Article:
United States District Court, D. Maryland, Southern Division
NATIONAL BOARD FOR CERTIFICATION IN OCCUPATIONAL THERAPY, INC., Plaintiff,
JEFFREY M. SHANE, et al., Defendants.
MEMORANDUM OPINION AND ORDER
W. Grimm United States District Judge
National Board for Certification in Occupational Therapy,
Inc. (“NBCOT”) filed suit against Defendants
Jeffrey M. Shane d/b/a Pass the NBCOT LLC d/b/a Pass the OT
and Stephanie Shane d/b/a Pass the NBCOT LLC d/b/a Pass the
OT (together, “the Shanes”), alleging trademark
infringements, counterfeiting, copyright infringement, unfair
competition, and other violations of the Lanham Act, federal
copyright law, and common law, based on the Shanes' use
of NBCOT's name and test questions in the Shanes'
tutorial program (formerly called Pass the NBCOT, now called
Pass the OT) and related website. The parties entered into a
settlement agreement and filed a Joint Motion for Entry of
Stipulated Consent Judgment, ECF No. 17, which the Court
approved, entering a Final Judgment on Consent
(“Consent Decree”), ECF No. 18. The Consent
Decree permanently enjoined the Shanes from, inter
alia, “[u]sing, copying, displaying, distributing,
publicly performing, making derivative works from or
otherwise infringing NBCOT's Copyrighted Work, except as
either permitted under the doctrine of fair use or with
NBCOT's consent.” Consent Decree ¶ 4(c). It
To the extent Defendants have not already done so, Defendants
are directed to destroy all infringing test materials,
advertisements, labels, signs, prints, packages, wrappers,
receptacles and all other materials in their possession or
under their control that contained unauthorized uses of the
name or mark NBCOT, either alone or in combination with other
words, phrases or designs, and any confusingly similar name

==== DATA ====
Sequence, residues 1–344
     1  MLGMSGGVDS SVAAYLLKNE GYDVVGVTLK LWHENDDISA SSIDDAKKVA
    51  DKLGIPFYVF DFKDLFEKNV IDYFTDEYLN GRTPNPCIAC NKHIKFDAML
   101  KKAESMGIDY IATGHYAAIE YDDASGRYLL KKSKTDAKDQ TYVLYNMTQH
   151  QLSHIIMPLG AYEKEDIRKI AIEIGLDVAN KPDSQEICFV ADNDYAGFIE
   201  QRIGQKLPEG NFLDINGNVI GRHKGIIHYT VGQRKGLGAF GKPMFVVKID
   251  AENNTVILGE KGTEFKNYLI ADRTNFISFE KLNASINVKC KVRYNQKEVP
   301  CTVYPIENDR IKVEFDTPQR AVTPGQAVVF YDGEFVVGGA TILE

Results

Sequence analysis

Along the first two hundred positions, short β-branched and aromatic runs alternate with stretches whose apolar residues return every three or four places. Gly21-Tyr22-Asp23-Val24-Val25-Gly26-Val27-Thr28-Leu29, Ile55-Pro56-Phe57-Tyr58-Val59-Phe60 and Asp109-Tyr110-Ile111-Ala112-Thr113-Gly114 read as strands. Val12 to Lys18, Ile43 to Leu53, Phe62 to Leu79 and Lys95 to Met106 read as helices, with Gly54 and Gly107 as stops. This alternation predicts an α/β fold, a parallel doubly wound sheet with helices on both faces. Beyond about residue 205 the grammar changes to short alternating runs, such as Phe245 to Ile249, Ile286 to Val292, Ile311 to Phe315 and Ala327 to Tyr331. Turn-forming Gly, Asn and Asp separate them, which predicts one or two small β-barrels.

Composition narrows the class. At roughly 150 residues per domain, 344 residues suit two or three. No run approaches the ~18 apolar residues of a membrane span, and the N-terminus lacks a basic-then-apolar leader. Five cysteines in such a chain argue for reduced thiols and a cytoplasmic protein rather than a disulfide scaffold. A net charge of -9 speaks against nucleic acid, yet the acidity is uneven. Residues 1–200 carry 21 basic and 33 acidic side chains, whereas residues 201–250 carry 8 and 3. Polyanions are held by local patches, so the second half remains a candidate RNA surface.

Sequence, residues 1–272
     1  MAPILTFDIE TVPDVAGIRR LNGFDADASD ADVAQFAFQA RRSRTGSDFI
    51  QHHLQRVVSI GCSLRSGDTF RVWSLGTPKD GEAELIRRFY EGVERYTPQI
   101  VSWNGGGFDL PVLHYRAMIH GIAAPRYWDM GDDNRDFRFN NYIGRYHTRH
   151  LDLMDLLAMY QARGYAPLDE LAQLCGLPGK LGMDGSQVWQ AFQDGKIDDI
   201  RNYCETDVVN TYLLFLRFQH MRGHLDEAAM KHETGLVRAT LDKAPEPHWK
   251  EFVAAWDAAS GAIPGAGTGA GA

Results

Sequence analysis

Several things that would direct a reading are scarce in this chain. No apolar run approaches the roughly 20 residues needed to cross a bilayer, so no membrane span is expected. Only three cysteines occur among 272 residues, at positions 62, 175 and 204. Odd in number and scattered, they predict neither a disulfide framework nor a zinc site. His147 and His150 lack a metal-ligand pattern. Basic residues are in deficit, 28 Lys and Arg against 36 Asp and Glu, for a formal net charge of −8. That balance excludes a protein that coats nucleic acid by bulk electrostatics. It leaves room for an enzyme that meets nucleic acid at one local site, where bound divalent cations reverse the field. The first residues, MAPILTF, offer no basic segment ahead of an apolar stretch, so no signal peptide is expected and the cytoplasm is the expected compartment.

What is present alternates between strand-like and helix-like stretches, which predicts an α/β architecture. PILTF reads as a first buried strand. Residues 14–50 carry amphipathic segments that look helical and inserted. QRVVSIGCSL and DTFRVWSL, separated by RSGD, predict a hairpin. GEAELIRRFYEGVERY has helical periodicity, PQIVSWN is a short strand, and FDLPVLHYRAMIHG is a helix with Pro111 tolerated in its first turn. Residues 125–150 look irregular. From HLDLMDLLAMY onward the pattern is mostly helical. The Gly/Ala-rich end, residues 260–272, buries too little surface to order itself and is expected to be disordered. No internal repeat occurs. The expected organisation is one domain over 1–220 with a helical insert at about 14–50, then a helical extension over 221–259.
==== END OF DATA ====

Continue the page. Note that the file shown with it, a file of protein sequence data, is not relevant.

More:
or more or any other reproduction, counterfeit, copy or
colorable imitation of Plaintiff's certification marks
and trade names and all plates, molds, matrices, and other
means of making or duplicating the same.
Id. ¶ 6.
to the settlement agreement, if NBCOT saw any future
violations, it would let the Shanes know and give them ten
days to cure before coming to the Court for resolution.
Defs.' Resp. 8-9; Pl.'s Mem. 1, 4 n.1, ECF No. 19-1.
Specifically the settlement agreement provided:
In the event NBCOT discovers activity in the future by the
Shanes and/or PTOT that NBCOT deems an infringement of their
trademarks or copyrights, NBCOT shall provide written notice
to the Shanes and PTOT specifically identifying the
infringement with sufficient detail to allow the Shanes or
PTOT to cure and allow them ten (10) business days to cure
the infringement prior to taking any action against any or
all of them. For the avoidance of any doubt, if the Shanes
and/or PTOT cure the alleged infringement within ten (10)
business days, NBCOT will refrain from asserting any claim
against the Shanes and/or PTOT for damages or otherwise.
Defs.' Resp. 8-9. The parties have referred to
this as the “safe harbor” notice provision.
end of April, NBCOT filed a motion, ECF No. 19, for an order
to show cause why the Shanes should not be held in contempt
for violating the parties' settlement agreement and the
Court's Consent Decree “including by copying and
using a large number of NBCOT's copyrighted test
questions in Defendants' own Pass the OT test preparation
materials.” Pl.'s Mem. 1. NBCOT asks the Court to
“hold Defendants in civil contempt and award NBCOT its
reasonable costs and attorneys' fees in connection with
this motion.” Id. at 2. I issued a show cause
order, ECF No. 22, directing the Shanes to file a written
response (which they did, ECF No. 23) and NBCOT to file a
reply (which it did, ECF No. 24). The issue is now ripe for
resolution, and a hearing is not necessary. See Loc.
R. 105.6. Because NBCOT has not established contempt by clear
and convincing evidence, I will deny the motion.
Court has the authority to sanction an individual for failing
to follow the Court's order or decree. 18 U.S.C. §
401(3). Moreover, “[t]he case law is well established
that district courts have the inherent power to sanction
parties for certain bad faith conduct, even where there is no
particular procedural rule that affirmatively invests the
court with the power to sanction.” Strag v. Bd. of
Trs., Craven Cmty. Coll., 55 F.3d 943, 955 (4th Cir.